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The Bridges of Rotherham

Rotherham is a town built on a river and a borough through which several major rivers flow. I wish I could report that it was a place where you could find charming old bridges or beautifully engineered new ones but sadly it is not. Now I like a good bridge whether it is a two thousand year old span across the Tiber in Rome, a relic of the Industrial Revolution like the Iron Bridge in Shropshire or a brand spanking new bridge with graceful catenaries. The best you can hope for in Rotherham is the old Chantry Bridge but this is obscured from one side by the new bridge and road built in the 1930s.

There are a number of crossing places across the River Rother within the borough including bridges to allow the M1 and Sheffield Parkway but the only one that seems to be named is the road crossing at Canklow Bridge.

Bridges in the centre of Rotherham are Bow Bridge across the River Rother near its confluence with the Don, Corporation Bridge on Main Street and Chantry or Rotherham Bridge. Further out along the Don and the Sheffield and South Yorkshire Navigation Canal are Grafton Bridge also called Don Bridge at St Anns, Aldwarke Bridge, Kilnhurst Bridge and Swinton Bridge.

Aldwarke Bridge also called Wash Lane Bridge

This was rebuilt in 1834 - the original bridge was much older but I have no other information. It is no longer in use and the road now crosses a modern road bridge closer to Aldwarke Lock.

Aldwarke Bridge
Aldwarke Bridge

Bow Bridge

Bow Bridge was built on the site of a ford where the Ricknield Way crossed the River Don near its confluence with the Rother. This is the main route to Sheffield and I have no date for the original Bow Bridge. In 1764 the architect John Platt was employed to rebuild Bow Bridge so there must have been a bridge in existence well before that date.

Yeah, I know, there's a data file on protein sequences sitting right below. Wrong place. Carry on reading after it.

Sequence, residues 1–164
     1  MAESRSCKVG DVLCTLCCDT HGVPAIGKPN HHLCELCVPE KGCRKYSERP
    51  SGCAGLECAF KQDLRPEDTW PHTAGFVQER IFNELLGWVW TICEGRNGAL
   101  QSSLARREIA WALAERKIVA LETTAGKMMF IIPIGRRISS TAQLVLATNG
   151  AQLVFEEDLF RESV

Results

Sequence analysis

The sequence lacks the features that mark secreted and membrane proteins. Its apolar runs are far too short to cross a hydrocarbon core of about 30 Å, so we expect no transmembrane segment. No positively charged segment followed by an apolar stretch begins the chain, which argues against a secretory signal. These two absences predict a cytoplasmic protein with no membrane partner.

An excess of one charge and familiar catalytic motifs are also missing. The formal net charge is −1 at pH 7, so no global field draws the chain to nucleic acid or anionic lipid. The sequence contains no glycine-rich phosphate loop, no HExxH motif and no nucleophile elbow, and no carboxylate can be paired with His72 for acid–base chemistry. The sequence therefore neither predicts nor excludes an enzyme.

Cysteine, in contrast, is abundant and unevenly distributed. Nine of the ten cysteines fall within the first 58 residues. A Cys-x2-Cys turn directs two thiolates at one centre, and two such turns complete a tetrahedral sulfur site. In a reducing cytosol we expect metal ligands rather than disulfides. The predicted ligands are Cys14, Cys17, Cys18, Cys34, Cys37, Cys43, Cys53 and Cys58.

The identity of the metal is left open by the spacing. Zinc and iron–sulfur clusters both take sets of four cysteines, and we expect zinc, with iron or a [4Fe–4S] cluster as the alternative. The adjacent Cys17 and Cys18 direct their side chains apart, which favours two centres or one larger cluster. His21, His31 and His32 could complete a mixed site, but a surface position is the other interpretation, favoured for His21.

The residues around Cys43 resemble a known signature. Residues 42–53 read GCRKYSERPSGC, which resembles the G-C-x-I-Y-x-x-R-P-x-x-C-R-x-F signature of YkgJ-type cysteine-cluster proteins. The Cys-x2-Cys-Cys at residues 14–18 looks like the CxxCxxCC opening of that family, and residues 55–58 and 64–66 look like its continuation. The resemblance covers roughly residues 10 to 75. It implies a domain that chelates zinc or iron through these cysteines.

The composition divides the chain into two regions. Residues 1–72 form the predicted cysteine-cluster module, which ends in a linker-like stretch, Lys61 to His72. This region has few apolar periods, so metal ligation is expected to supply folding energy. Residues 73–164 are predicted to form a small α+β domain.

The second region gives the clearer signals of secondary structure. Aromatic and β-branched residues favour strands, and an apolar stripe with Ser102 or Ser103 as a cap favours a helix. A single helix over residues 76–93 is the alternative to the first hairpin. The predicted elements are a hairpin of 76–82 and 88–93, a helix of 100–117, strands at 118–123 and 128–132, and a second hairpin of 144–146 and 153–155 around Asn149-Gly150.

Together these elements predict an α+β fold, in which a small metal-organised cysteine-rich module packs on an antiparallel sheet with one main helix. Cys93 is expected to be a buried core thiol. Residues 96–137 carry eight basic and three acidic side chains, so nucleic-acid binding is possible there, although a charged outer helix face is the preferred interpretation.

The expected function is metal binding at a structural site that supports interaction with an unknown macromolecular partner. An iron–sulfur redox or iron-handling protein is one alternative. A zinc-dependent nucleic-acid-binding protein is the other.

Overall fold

Bow Bridge
Bow Bridge
© Bob Evens
Bow Bridge before 1924
Bow Bridge before 1924


I think the present Bow Bridge was built in 1924.

Chantry Bridge

Rotherham or Chantry Bridge was built on the site of an old ford, and there may well also have been a narrow packhorse bridge there before it. I am sure that I have read somewhere that this was a toll bridge: the monks levying a charge to cross in return for the upkeep. There seems to be no record of the date the later bridge was built.

Rotherham (Chantry) Bridge and the Chapel of Our Lady
Rotherham (Chantry) Bridge and the Chapel of Our Lady
Rotherham (Chantry) Bridge and the Chapel of Our Lady
Rotherham (Chantry) Bridge and The Chapel of Our Lady 2003

The Chapel of Our Lady was constructed upon the bridge in 1483. The Chapel is an integral part of the structure of the bridge, such that you can't demolish one without the other. As the original Chantry Bridge was only about 15 feet wide it soon became a real bottleneck with the advent of motorised traffic. A new bridge was built right next door to the old one and opened in April 1930 by Herbert Morrison, Minister of Transport. The bridge itself is a listed structure as well as the chapel.

Corporation Bridge

Main Street crosses the River Don via Corporation Bridge. There was a railway bridge hereabouts from 1838 but the road bridge came later. I will try and obtain more positive information.

Crinoline Bridge

Old Crinoline Bridge was a structure which consisted of a baulk of timber about a foot wide with high sloping sides. It was partly destroyed by the floods in 1866. It was decided by 'Authority' to erect a new bridge capable of dealing with vehicular traffic with the Council and the Earl of Effingham sharing the cost. New gas mains were run under the bridge from the gasworks to serve Masbrough. The Bridge disappeared during the building of Centenary Way but the Crinoline Bridge Inn remains over the footbridge behind the bus station, so you've a pretty good idea where it was.

Grafton Bridge also known as Don Bridge

There are two Grafton Bridges. The old one built in 1876 was closed to through traffic about ten tears ago as it was unsafe for heavy vehicles. Although it is a Grade II listed structure the old bridge was removed in 2009 as part of the Rotherham Flood Alleviation Scheme. The coat of arms and a plaque have been set up.

Old Grafton Bridge
now demolished
Old Grafton Bridge

The newer bridge over which the traffic usually flows, and sometimes jams, between Parkgate and Rotherham, has no style worthy of mention.

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